This is an interview by the Center for Soft Power concerning how consciousness is an integral part of physics, and on why science and spirituality should not be separate:
[See also the online talk “Science and Spirituality Should Not Be Separate” by Kenneth Chan on YouTube]
Indian Approach is Correct; Science and Spirituality Should not be Separate: Dr Kenneth Chan
November 23, 2021
“I think the Indian approach should be the correct one. Science and spirituality should not be separate. The problem is that, in the West, they are trying to get rid of consciousness from their science. And even when they do include consciousness, they try to consider it as a “side-effect” of the materialistic happenings,” says Dr Kenneth Chan, Physicist and Physician in an exclusive interview with CSP.
How did your interest in the two fields of quantum physics and consciousness begin, and how do you connect them both?
I am a very spiritual kind of person and have always been interested in this. I have liked physics since I was a child, and ended up with two degrees, which is a little unusual—a medical degree and a physics degree. While they seemingly don’t go together, it worked out well for me. I probably would not have arrived at some of the realizations if I didn’t have these two degrees, because they provided me with the link between physics and human physiology.
It all actually started with relativity. I published a paper on relativity and, in relativity, the viewpoint of the observer is crucial. Relativity deals with time and space, and these two entities vary depending upon the observer. If it involves the observer—think about it—obviously consciousness has a role to play.
At face value, time and space seem to have nothing to do with the conscious observer. But they actually do. I think Einstein didn’t realize this because he didn’t understand human physiology. Relativity starts with the postulate that, in all frames of reference, the laws of physics work in the same way. A particularly odd aspect of this is that is the speed of light remains the same to all observers, irrespective of the velocity of the observers. Now that is a bit odd, because it means that no matter how fast you chase after a light ray, it still runs away from you at the same relative speed.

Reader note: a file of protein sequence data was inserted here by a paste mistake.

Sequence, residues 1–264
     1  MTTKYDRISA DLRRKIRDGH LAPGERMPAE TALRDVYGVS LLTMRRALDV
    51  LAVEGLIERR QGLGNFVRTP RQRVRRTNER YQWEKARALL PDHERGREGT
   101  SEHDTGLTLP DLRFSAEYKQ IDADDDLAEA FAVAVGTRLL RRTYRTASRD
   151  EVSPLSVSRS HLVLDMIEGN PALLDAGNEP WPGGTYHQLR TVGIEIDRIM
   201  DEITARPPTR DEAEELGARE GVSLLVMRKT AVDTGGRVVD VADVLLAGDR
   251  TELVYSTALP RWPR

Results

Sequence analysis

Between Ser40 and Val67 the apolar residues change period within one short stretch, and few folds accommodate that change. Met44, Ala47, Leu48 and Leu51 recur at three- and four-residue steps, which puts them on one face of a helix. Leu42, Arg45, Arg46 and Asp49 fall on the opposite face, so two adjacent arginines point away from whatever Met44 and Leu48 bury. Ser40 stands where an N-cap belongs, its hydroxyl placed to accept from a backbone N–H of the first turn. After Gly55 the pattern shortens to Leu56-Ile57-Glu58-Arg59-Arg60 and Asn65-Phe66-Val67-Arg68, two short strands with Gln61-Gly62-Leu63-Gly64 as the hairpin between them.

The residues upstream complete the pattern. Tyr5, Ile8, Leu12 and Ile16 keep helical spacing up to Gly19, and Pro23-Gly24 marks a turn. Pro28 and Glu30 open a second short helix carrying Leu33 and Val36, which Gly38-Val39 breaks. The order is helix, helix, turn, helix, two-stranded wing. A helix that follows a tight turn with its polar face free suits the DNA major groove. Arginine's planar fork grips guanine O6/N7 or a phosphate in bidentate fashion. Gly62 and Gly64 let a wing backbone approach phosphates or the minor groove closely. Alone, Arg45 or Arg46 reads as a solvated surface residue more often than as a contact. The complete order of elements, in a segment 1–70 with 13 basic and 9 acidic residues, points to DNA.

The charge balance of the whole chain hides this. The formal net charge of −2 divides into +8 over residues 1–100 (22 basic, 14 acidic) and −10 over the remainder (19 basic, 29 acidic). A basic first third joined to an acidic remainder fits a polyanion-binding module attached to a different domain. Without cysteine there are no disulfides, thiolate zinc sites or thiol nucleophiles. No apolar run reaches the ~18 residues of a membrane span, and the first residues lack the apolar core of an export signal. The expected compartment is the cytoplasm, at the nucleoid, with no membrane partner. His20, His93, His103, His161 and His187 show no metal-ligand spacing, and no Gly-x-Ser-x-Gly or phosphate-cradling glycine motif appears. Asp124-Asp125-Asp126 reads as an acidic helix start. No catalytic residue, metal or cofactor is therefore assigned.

As I point out in my article “Why Relativity Exists,” the explanation for this is that the speed of light is the speed of electromagnetic transmission. And our body runs on electromagnetism. All our cells, including our brain cells, function via electromagnetism. That is why the speed of electromagnetic transmission is constant to all observers. It is because our whole body functions via electromagnetic transmission. Trying to measure any change in the speed of light is like trying to measure, with an iron ruler, how an iron rod expands with heat, while putting both the ruler and the rod inside the container with the heater. Since both the iron ruler and the iron rod expands equally, we will not measure any difference in the length of the iron rod.
We have actually deSned our time and our space according to how we humans experience the universe. It is our experience of time, and our experience of space. This means, of course, that these entities are dependent on electromagnetic phenomena since our body runs on electromagnetism. We are thus like the characters inside a video, and cannot notice any difference even when someone speeds up the video. This is because, while everything speeds up, we ourselves also speed up. Even our rate of thinking speeds up in the same way. We are inside the system and cannot notice a change when everything, including ourselves, speeds up. To us, inside the video, everything seems to be the same.